Notes on Contributors
Dave De ruysscher
(M.A., LL.M., Ph.D.) is legal historian and lawyer. He researches themes regarding the history of commercial and private law until the present day. In 2016, he was awarded an ERC Starting Grant, on the theme of collateral rights and insolvency (early modern period–19th century). He is a member of the Young Academy of Belgium and associate professor at Tilburg University. His latest key peer-reviewed publications are De ruysscher, D. and Puttevils, J., “The Art of Compromise. Legislative Deliberation on Marine Insurance Institutions in Antwerp (c. 1550–c. 1570)” in BMGN-Low Countries Historical Review 130/3 (2015), 25–49; De ruysscher, D., “Antwerp 1490–1590: Insurance and Speculation” in A.B. Leonard (ed.), Marine Insurance: Origins and Institutions, 1300–1850 (London: Palgrave MacMillan, 2015).
is Assistant Professor of Medieval and Modern Legal History at the Law Department of the Roma Tre University. She obtained the Italian National Qualification as Associate Professor in 2018. She holds a Ph.D. in legal history both from the University of Milan-Bicocca and the École des Hautes Études en Sciences Sociales (EHESS). As a Ph.D. student, she spent one year at the Max-Planck-Institut für europäische Rechtsgeschichte in Frankfurt a. M., one year at the London School of Economics and two years at the EHESS in Paris (Doctorate in European Legal Cultures: Marie Curie, 6th framework program). As a post-doc research fellow, she worked at the Roma Tre University, Arcadia University (The College of Global Studies, Rome Center), the University of Palermo and the University of Helsinki. She has published a number of articles on the history of commercial law and on law and the humanities. She is the author of East India Company. Una storia giuridica (1600–1708) (Bologna: Il Mulino, 2011).
(Dr. Phil.) teaches Finnish history as a post doctoral researcher at the University of Turku. Currently, she is working in the Finnish Academy project Agents of Enlightenment. Changing the Minds in Eighteenth-Century Northern Europe. Her research interests are urban elites and economic and social history prior to the Industrial Revolution. In her latest research articles, she has focused on the urban elite family strategies. Her latest publications are “Marriage and Education in the Eighteenth- and the Nineteenth-century Provincial Towns in the
is Professor of Nordic history and history of the communities. Lamberg took his Ph.D. degree at the University of Jyväskylä, Finland, in 2000. His dissertation dealt with town councils and urban culture in late medieval Stockholm, Malmö and Bergen. Since then he has treated several aspects of Nordic social and cultural history, mainly in medieval and early modern contexts. Some of his latest articles written in English can be found in the following books, “Religiosity and Readiness for the Reformation among Late Medieval Burghers in Stockholm, c. 1420–1570” in Toivo, Raisa Maria and Katajala-Peltomaa, Sari (eds.), Lived Religion and the Long Reformation in Northern Europe c. 1300–1700 (Leiden-Boston: Brill, 2016) and “Mutual Testaments in Late Medieval Stockholm, c. 1420–1520” in Korpiola, Mia and Lahtinen, Anu (eds.) Planning for Death. Wills and Death-Related Property Arrangements in Europe, 1200–1600. (Leiden-Boston: Brill, 2018). Currently Lamberg works as a collegium researcher at Turku Institute for Advanced Studies.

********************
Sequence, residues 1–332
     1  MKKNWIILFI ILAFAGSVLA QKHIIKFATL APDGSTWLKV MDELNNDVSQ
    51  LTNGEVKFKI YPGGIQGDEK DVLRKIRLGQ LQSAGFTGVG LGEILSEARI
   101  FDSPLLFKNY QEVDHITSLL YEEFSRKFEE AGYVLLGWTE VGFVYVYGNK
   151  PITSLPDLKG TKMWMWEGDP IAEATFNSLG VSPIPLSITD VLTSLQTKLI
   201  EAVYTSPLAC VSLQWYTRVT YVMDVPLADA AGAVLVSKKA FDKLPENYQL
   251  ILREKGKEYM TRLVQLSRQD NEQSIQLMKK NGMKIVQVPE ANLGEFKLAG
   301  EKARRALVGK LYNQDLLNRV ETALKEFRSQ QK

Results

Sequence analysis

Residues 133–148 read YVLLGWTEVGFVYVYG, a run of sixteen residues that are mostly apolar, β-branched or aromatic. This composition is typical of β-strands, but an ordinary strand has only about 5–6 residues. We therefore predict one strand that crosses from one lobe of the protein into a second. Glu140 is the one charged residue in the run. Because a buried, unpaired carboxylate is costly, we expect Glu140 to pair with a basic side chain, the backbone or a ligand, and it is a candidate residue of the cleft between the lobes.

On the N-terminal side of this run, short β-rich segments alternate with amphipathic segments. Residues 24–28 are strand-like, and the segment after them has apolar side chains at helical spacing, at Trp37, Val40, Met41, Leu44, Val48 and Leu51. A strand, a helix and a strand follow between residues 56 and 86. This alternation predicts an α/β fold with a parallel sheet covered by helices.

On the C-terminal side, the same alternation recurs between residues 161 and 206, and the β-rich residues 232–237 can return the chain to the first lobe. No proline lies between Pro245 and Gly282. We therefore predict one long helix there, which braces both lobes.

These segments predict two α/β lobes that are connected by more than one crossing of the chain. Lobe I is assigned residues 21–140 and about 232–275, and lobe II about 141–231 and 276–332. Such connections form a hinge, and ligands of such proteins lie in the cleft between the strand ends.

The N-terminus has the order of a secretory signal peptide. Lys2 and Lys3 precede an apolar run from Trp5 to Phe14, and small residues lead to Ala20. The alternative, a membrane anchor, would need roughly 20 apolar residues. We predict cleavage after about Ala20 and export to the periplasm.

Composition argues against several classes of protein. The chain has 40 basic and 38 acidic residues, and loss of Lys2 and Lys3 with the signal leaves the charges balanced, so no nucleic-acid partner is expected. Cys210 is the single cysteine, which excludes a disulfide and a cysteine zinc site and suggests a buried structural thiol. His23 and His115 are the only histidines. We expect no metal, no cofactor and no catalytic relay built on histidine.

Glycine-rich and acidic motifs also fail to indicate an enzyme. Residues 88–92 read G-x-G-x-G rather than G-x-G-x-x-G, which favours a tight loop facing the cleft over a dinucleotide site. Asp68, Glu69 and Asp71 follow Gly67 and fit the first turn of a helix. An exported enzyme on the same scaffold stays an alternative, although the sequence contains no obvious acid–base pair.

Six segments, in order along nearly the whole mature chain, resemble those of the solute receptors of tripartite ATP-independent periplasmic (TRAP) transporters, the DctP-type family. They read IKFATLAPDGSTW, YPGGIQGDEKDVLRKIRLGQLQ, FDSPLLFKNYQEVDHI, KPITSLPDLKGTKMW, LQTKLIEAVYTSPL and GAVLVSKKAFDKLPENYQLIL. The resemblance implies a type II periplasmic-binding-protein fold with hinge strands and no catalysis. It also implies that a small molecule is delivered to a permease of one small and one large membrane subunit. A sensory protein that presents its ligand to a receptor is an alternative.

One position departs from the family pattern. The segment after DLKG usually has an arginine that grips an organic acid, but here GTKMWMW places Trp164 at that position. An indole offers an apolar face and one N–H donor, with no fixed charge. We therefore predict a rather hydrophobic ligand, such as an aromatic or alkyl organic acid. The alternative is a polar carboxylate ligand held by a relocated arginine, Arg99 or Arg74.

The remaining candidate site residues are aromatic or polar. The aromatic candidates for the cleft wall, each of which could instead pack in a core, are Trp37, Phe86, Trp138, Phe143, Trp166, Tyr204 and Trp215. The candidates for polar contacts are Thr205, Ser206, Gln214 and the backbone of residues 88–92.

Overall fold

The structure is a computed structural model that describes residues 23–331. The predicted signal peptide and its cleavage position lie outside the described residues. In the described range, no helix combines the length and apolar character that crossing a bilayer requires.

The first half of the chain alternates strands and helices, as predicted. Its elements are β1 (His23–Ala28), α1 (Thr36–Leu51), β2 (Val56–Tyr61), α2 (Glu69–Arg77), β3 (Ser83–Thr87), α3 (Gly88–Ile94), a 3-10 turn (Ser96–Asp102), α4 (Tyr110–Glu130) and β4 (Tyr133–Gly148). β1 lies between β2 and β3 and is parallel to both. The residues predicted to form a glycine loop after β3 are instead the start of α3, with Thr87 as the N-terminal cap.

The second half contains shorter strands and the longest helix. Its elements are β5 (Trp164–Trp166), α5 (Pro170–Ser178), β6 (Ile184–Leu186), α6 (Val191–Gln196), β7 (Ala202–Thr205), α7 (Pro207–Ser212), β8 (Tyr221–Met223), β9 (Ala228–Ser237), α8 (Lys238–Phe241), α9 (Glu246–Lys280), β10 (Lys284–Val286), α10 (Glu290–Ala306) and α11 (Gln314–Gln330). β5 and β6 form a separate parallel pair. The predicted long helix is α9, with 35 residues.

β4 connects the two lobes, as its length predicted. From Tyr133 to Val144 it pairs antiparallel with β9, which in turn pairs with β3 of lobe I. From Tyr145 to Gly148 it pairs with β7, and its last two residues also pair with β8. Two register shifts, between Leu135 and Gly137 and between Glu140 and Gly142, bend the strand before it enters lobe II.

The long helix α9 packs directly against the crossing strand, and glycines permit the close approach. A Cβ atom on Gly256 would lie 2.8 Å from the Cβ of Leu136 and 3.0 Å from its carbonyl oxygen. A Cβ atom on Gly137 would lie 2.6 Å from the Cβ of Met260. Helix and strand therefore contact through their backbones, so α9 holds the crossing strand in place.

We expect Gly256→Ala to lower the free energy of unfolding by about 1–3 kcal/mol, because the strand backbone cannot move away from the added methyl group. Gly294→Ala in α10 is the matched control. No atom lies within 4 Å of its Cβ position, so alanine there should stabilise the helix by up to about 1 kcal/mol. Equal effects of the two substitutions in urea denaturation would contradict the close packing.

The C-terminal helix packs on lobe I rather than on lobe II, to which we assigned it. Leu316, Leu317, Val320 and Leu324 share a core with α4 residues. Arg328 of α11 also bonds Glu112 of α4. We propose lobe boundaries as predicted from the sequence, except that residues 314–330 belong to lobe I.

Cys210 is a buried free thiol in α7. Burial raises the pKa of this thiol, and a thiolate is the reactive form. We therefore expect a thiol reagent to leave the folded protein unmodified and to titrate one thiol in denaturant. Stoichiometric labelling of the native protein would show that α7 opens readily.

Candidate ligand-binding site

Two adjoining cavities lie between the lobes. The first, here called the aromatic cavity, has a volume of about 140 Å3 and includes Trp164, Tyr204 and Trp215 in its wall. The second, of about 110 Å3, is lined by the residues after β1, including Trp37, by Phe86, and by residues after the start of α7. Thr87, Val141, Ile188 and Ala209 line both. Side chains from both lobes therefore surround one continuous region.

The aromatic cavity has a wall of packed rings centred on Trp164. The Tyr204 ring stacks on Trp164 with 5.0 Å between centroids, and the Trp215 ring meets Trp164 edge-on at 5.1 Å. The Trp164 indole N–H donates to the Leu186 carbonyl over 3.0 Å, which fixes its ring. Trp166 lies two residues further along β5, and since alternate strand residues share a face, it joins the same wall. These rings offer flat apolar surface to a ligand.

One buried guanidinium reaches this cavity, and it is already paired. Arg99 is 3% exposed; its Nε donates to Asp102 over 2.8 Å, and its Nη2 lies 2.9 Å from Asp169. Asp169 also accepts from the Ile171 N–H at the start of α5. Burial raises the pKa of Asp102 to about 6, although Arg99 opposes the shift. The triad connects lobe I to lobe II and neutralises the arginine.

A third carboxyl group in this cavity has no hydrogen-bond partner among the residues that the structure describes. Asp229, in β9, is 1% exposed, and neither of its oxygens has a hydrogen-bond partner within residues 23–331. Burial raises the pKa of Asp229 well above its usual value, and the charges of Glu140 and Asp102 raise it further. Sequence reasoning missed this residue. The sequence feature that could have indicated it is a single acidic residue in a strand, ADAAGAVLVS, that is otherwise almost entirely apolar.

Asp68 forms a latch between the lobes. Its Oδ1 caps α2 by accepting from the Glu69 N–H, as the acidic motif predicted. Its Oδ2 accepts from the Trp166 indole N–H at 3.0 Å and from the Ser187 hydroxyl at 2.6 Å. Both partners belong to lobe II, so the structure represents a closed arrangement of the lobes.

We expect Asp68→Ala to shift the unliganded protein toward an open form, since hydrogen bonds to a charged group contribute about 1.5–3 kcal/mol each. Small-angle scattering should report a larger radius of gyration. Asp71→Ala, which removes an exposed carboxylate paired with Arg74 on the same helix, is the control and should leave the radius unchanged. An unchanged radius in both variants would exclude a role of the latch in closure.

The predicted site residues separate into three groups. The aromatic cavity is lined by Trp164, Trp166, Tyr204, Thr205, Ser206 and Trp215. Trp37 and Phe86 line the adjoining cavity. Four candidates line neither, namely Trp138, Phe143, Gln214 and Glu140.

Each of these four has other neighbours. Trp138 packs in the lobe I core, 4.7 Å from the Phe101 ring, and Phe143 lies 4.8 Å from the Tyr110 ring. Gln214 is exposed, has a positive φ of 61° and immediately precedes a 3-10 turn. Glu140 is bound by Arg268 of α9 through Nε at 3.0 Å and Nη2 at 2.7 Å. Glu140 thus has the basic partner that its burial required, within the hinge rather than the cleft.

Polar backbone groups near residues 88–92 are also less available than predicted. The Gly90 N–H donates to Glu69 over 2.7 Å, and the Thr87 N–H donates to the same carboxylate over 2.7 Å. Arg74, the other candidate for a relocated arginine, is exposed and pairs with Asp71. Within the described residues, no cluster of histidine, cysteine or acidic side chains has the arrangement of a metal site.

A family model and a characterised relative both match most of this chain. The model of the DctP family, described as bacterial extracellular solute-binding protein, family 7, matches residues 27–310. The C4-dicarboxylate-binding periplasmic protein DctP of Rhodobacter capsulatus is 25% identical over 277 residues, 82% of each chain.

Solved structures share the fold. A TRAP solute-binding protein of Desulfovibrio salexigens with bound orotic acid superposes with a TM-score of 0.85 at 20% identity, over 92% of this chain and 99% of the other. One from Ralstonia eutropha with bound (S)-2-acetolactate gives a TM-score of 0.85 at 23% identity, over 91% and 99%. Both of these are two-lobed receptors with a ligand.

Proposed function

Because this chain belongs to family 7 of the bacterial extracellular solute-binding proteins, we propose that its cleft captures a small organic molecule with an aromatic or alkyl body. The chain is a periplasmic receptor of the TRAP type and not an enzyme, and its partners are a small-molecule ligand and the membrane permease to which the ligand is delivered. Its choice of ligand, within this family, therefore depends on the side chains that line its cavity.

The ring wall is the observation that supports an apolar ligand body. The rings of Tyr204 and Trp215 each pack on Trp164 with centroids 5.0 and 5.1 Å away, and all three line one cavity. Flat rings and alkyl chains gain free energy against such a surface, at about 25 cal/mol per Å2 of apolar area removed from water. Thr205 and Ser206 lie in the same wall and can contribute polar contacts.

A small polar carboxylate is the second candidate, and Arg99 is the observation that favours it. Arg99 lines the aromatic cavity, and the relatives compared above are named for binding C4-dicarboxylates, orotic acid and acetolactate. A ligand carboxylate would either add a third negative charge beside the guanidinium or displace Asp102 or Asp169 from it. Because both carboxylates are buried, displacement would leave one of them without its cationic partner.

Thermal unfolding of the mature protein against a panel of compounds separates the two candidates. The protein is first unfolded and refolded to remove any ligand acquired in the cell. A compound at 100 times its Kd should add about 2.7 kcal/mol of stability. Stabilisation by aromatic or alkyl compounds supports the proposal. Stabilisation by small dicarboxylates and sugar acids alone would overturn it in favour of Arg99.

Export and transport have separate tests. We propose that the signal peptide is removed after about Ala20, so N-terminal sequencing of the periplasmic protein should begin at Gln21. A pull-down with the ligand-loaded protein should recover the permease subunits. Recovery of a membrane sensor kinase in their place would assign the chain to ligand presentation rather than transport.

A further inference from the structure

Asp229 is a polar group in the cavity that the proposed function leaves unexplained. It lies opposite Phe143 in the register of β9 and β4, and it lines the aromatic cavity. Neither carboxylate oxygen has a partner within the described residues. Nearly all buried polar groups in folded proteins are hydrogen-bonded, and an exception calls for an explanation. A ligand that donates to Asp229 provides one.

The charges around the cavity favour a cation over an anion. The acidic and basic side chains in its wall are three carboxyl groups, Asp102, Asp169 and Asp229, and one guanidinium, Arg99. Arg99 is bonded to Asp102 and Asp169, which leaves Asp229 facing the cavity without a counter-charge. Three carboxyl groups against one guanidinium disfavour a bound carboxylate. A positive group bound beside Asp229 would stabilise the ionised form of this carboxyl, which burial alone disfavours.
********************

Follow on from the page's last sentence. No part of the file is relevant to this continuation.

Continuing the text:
is Professor of Comparative Legal History at the University of Helsinki, Finland. His research focuses on the legal history of the early modern period and encompasses Europe and the Americas. Within legal history, Pihlajamäki’s main subject areas include procedural law, criminal law, legal sources, and legal profession. His recent publications include The Oxford Handbook of European Legal History ed. with Dubber, M. and Godfrey, M. (Oxford: Oxford University Press, 2018) and “Merging Comparative Law and Legal History – Towards an Integrated Discipline” in The American Journal of Comparative Law, Vol. 66:4 (2018) 733–750.
(LL.D.) serves as editor of the Law section of the Helsinki Term Bank for the Arts and Sciences attached to the Finnish Lawyers’ Association. He obtained his doctorate from the University of Helsinki in 2016. During his doctoral studies, he also spent a year at the Max Planck Institute for European Legal History in Frankfurt am Main as a Marie Curie Fellow. He has also worked as project coordinator and post-doctoral researcher in the Academy of Finland research
defended her doctoral dissertation Laivojen tuomaa lakia [Shipping Legal Norms: Swedish Trading Companies in the Seventeenth Century] in 2020 at the University of Helsinki. In 2013, she began working as research assistant in Heikki Pihlajamäki’s project The Making of Commercial Law: Common Practices and National Legal Rules from the Early Modern to the Modern Period, and in 2015, she became a doctoral student in the same project. During her doctoral studies, she was also visiting scholar at the Max Planck Institute for European Legal History in Frankfurt. Tikka’s interests lie in the first Swedish (and Finnish) trading companies: in their role in state-building and their importance for commerce and for introducing new company models to Sweden from abroad. She has also studied the earliest Swedish marine insurances from the seventeenth century and has published an article on the topic.